We will illustrate the points made above by using a simple example, which will be something of a running example to be extended in later chapters. We will start here by defining a class 'EMPLOYEE'. Please bear in mind that this example is used to illustrate various language features, not object-oriented design.
The class is composed of several attributes which hold the employee information. Various degrees of privacy are illustrated
class EMPLOYEE is private attr wage:INT; readonly attr name:STR; attr id:INT; const high_salary:INT := 40000; create(a_name:STR, a_id:INT, a_wage:INT):SAME is res ::= new; res.id := a_id; res.name := a_name; res.wage := a_wage; return(res); end; highly_paid:BOOL is return wage >= high_salary; end; end;
Note the use of the special type SAME as the return type of the create routine, which denotes the current class name. SAME changes to mean the including class when it is included, as will be explained in the next chapter on code inclusion.
The employee class may be exercised using the following main class.
class TESTEMP is main is john:EMPLOYEE := #EMPLOYEE("John",100,10000); peter:EMPLOYEE := #EMPLOYEE("Peter",3,10000); john.id := 100; -- Set the attr "id" in john to 100 #OUT + john.name + "\n"; -- Prints "John" #OUT + peter.id + "\n"; -- Prints "3" end; end;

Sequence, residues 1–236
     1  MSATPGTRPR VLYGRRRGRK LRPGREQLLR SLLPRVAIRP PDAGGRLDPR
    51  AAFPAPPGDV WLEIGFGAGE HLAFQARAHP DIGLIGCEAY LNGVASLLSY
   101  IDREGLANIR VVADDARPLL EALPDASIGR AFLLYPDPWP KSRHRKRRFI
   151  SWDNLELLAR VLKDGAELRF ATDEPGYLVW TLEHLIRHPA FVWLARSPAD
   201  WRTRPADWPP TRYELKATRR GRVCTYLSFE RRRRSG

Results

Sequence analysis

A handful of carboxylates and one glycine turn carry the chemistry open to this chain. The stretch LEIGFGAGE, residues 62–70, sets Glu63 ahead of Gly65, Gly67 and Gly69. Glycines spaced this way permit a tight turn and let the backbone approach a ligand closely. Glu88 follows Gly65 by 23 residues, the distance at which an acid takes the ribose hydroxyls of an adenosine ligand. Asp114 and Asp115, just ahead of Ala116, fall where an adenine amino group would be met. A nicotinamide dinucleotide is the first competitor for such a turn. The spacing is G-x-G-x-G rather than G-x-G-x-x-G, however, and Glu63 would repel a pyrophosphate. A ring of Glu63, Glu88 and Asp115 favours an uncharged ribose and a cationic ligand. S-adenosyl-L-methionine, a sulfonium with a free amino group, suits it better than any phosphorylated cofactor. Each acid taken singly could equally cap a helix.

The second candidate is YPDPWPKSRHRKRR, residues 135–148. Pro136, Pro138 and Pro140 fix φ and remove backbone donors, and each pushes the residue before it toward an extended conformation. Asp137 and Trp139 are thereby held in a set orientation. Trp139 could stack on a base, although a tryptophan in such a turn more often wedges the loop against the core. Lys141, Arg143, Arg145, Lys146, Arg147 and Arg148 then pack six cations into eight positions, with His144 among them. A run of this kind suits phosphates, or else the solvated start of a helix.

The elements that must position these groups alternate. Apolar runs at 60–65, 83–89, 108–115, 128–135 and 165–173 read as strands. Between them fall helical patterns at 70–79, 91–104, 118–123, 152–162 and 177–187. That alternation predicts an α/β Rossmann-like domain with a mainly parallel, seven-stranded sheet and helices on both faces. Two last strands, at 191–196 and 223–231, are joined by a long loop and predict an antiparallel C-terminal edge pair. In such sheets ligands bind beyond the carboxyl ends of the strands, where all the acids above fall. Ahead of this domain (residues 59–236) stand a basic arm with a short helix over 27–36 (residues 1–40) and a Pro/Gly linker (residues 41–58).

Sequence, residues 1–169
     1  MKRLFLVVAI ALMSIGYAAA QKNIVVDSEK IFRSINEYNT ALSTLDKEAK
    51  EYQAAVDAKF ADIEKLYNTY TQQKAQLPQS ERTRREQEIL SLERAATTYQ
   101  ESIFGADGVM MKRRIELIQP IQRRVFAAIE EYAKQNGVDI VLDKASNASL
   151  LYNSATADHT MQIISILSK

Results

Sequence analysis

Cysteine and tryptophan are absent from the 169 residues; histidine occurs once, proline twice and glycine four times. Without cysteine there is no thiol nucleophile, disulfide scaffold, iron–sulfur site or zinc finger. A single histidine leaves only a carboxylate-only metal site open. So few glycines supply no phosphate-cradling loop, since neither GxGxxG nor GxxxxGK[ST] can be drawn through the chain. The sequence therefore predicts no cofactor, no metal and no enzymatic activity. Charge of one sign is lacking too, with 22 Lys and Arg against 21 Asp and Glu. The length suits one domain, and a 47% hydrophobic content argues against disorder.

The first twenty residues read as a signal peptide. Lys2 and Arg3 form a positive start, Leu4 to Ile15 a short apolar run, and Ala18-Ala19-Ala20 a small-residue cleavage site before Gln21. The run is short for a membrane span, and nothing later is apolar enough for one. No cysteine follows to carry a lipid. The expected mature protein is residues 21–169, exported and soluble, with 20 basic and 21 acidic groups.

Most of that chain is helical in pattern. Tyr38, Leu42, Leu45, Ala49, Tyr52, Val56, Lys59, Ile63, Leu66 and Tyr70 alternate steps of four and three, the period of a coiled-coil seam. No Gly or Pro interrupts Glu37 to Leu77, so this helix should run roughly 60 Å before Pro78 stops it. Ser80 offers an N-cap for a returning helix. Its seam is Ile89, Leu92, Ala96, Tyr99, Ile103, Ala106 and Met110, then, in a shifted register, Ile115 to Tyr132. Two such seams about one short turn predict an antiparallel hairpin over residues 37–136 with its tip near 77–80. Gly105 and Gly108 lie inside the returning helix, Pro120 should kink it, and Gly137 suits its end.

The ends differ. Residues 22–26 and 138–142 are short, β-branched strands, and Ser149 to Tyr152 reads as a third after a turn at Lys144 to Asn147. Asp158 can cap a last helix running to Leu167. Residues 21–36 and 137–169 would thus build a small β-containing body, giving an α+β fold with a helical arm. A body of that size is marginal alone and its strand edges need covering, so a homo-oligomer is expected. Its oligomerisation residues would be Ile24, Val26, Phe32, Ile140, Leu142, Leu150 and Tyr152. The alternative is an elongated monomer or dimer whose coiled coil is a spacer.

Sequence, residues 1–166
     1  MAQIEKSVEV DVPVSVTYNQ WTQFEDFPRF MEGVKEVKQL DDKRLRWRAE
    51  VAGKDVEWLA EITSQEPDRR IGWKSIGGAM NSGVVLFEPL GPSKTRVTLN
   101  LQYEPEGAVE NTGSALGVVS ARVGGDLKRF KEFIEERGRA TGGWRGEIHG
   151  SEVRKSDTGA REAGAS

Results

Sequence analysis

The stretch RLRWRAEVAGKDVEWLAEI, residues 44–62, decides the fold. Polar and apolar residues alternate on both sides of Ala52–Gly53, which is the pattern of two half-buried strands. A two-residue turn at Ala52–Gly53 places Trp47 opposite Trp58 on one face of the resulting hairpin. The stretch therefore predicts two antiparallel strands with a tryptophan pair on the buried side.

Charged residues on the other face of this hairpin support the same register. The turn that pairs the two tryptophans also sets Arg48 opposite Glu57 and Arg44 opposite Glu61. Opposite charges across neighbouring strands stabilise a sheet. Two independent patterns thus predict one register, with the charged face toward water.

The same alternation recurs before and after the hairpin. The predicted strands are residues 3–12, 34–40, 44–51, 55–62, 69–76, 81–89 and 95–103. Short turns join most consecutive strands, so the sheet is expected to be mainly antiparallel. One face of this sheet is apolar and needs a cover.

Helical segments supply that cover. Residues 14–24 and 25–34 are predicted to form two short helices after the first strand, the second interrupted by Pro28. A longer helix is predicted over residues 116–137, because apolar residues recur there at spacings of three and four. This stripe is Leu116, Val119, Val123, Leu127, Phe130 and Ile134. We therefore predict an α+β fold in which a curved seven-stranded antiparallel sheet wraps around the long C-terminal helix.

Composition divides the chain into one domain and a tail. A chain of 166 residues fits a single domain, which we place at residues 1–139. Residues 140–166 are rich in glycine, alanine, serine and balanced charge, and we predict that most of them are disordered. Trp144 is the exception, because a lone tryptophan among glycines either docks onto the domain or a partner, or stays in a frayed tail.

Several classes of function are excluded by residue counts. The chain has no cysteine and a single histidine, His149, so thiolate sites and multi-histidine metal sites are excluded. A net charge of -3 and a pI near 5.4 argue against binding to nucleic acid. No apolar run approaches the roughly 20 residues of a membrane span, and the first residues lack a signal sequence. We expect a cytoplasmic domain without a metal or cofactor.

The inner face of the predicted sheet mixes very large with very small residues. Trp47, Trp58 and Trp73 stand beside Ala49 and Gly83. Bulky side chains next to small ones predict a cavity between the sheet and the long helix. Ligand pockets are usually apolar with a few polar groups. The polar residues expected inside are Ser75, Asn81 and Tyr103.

Note that the following calls would be illegal:
#OUT + john.wage + "\n"; -- ILLEGAL! "wage" is private john.name := "martha"; -- ILLEGAL! "name" is readonly
A distinguished class must be specified when a Sather program is compiled (the default is to look for a class called MAIN). This class must define a routine named 'main'. When the program executes, an object of the specified type is created and 'main' is called on it.
To run the above example - type the code into a file emp.sa and then run the executable 'emp'
sacomp emp.sa -main TESTEMP -o emp
This generates the executable "emp", using the "main" routine in TESTEMP as its starting point. You can browse the resulting code by calling
sabrowse emp.sa -main TESTEMP